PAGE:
Wouldn't it be great if you could always taste a wine before purchasing? No more basing your decision on someone else's suggestion or a winery's reputation. That is the premise behind a new wine dispensing system slowly gaining a foothold in Virginia: The Enomatic Wine Serving Systems. The concept behind this Italian system is quite simple. Each model holds a certain number of wine bottles in a temperature-controlled case and the wines remain fresh for approximately 30-45 days. The wine is dispensed using a pre-paid wine card so that consumers can sample different wines at their own pace. Worried about hygiene? After dispensing the wine, the system automatically cleans the spout. The system is particularly attractive for novice wine consumers who may feel intimidated ordering wine.
Of the four available models, the Enoline is the most popular. This dispenser holds 4 to 8 bottles and the wines can be stored at room temperature, refrigerated or climate controlled. Thus, both red and white wines can be stored. The Enoround model holds 16 wines at room temperature in a circular base and is intended for red wines. The Enomove is a portable system attached to a trolley and the Enomodule is a customized system that can create a continuous line of bottles.
In Virginia, the Enomatic is currently being used in several wine bars, retail shops, and one winery - Boxwood Winery. Boxwood is not your average family owned and operated winery. John Kent Cooke, the former owner of the Washington Redskins, founded the enterprise. His daughter, Rachel Martin, is the winemaker. With the assistance of consultant Stephane Derenoncourt, Ms. Martin crafts three Bordeaux style wines: a rose and two dry red wines. The Boxwood is a left bank Medoc blend consisting of Cabernet Sauvignon, Merlot, and Petite Verdot, whereas the Topiary is a right bank Saint Emilion styled wine composed of Cabernet Franc, Merlot, and Malbec. Instead of opening a tasting room at their winery, Boxwood opened a tasting facility on Main Street in Middleburg. In order to dispense their wines they chose the Enoround model, suitable for their red wine inventory. Obviously Boxwood does not produce enough wines to fill the container, so they include several Bordeaux brands produced by other wineries in which Mr. Derenoncourt consults. An added benefit is that consumers can determine how well the Boxwood wines compare to the French wines. The success of the Middleburg tasting room has enabled Boxwood to build a second facility in the Reston Town Center, which should open the beginning of March.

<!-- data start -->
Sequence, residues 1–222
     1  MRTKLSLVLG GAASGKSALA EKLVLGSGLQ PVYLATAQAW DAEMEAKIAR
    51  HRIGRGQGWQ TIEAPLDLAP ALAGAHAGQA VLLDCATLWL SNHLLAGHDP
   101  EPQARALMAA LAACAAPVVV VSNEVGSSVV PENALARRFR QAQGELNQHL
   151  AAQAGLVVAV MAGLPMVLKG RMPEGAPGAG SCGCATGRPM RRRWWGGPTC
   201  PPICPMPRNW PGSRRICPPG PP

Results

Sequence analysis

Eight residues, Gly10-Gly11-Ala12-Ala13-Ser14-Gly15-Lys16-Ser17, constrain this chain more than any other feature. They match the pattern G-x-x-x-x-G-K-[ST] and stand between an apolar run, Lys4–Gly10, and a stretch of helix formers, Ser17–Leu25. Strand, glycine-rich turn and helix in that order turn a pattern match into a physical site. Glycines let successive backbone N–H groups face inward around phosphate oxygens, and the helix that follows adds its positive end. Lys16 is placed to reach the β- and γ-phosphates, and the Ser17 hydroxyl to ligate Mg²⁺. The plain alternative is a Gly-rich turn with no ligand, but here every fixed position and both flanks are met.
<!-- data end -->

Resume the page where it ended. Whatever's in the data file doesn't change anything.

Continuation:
The driving force for legalizing the Enomatic system in Virginia was the Whole Foods Corporation. After Virginia State officials approved its use, Whole Foods opened wine tasting rooms in their Fairfax and Glen Allen stores. The tasting rooms contain almost a dozen of the devices, holding over 80 wine bottles. Currently only the Glen Allen store dispenses a Virginia made wine, the Cooper Vineyards Noche Chocolate; but there are also two other wine bars that include Virginia wine in their Enomatic systems. The Kybecca Wine Bar is located in an historic general store in downtown Fredericksburg, which Kyle and Rebecca Snyder have painstakingly restored to its original brick façade. They have several Enomatic systems that dispense approximately thirty wines, each available for purchase in their adjacent retail shop. On our visit, the Virginia Wineworks White was the lone Virginia wine being dispensed by the Enomatic.
Warrenton's Iron Bridge Wine Company also dispenses Virginia wine from their three systems. They use an Enoround model for the red wines and two Enoline models for the white wines. Where else can you taste a Rogers Ford Farm Winery Sumerduck alongside a Châteauneuf-du-Pape? Finally, a few other Virginia establishments utilize the Enomatic: Church Street Cellars in Vienna, Evo Bistro Wine Bar in McLean, and Maison du Vin's two stores in Great Falls and Reston. In fact, both Maison du Vin stores use the enoline model for their free daily tasting, so there is no need to purchase a wine card.
The price of some of these machines are high (close to $20,000 for the Enoround), so it will be interesting to see if they are cost effective in the long run. Since Boxwood Winery and Maison du Vin have purchased machines for multiple locations, it appears that they have concluded in the affirmative. If other retailers make similar judgments, then expect the number of Enomatics in operation to increase; otherwise the Enomatic may become just the latest wine fad.
The full article is also available at the Virginia Wine Lover Magazine.